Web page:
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Damages cap survives constitutional challenges.

Maryland's highest court upheld a $350,000 cap on damages for pain and suffering over challenges based on rights to equal protection guarantees and jury trial. In this case, Sarah Murphy suffered injuries when her car was struck by a truck driven by Richard Edmonds. A tire failure caused the accident, and other evidence indicated that the truck driver was speeding and failed to properly inspect the tire. In addition to significant economic damages, the jury also awarded Murphy $510,000 in noneconomic damages for pain and suffering. The trial judge refused to reduce the award to the limit under state law of $350,000, concluding that the cap was a violation of the state's guarantee of equal protection of the laws. The driver and his employer appealed. To support the judgment in her favor, Murphy raised two arguments. First, she claimed that the statute violated her right of equal protection. Second, she argued the cap also deprived her of her right to jury trial. The court of appeals rejected both arguments and reversed.

The court first considered the constitutionality of the cap under equal protection standards. Murphy argued that the cap created two classes of injured people. Less injured people could recover the full amount of their noneconomic damages. More injured people recovered less than their full amount of damages. The court recognized that the statute created a classification and then reviewed the various levels of review.

In equal protection cases, courts apply several different kinds of review depending on the kind of interest that is affected. The usual test asks whether there is a rational basis between the classification and the goal of the legislature. To fail, the legislation must be arbitrary. On the other hand, the courts will apply strict scrutiny if the classification affects a suspect class (for example, race) or a fundamental right (the right to vote). In that situation, the classification must be suitably tailored to serve a compelling state interest. A middle level of review called heightened scrutiny applies to a less well defined set of cases. To survive scrutiny, the classification must serve important governmental objectives and be substantially related to the achievement of those ends.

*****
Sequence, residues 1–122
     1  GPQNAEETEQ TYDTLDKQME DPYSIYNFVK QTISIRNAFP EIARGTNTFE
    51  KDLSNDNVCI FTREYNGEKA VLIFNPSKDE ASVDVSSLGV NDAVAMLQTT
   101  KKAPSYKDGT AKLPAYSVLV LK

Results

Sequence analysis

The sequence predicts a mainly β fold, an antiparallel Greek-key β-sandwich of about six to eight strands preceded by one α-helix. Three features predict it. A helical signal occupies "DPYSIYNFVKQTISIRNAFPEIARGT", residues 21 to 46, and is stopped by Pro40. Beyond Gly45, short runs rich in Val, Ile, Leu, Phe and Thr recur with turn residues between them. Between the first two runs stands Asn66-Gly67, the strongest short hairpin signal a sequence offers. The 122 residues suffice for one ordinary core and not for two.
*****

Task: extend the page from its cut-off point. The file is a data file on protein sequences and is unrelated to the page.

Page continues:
Murphy argued that heightened scrutiny should be applied, but the court refused. The right to recovery was subject to the right of the legislature to change the rules. The court further concluded that there was no vested right in any common law rule. Were the result otherwise, many statutes would be subject to heightened scrutiny since they affected common law rights. Moreover, the restriction did not affect Murphy's access to the courts, only the remedy. A restriction on the remedy likewise did not trigger heightened scrutiny.

The court then applied the rational basis test to uphold the statute. It found that the state legislature adopted the cap as a response to a perceived insurance crisis. The legislature believed that the availability of insurance would improve if damage awards were more predictable. Since a damages cap was reasonably related to greater predictability in damage awards, the statute survived an equal protection challenge.

The court had little difficulty rejecting the claim that the cap infringed on Murphy's right to jury trial. The jury's province extended to issues of fact. The constitutional limitation only prevented a court from taking factual issues from the jury. It did not prevent the legislature from taking an issue away from both the judge and the jury. In this case, the statute merely fixed the remedy. As a result, it did not interfere with Murphy's right to a jury since the legislature had taken the issue from the court and jury.
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Title Annotation:Recent Court Decisions; Murphy v. Edwards
Author:Darr, Frank P.
Publication:Journal of Risk and Insurance
Date:Jun 1, 1992
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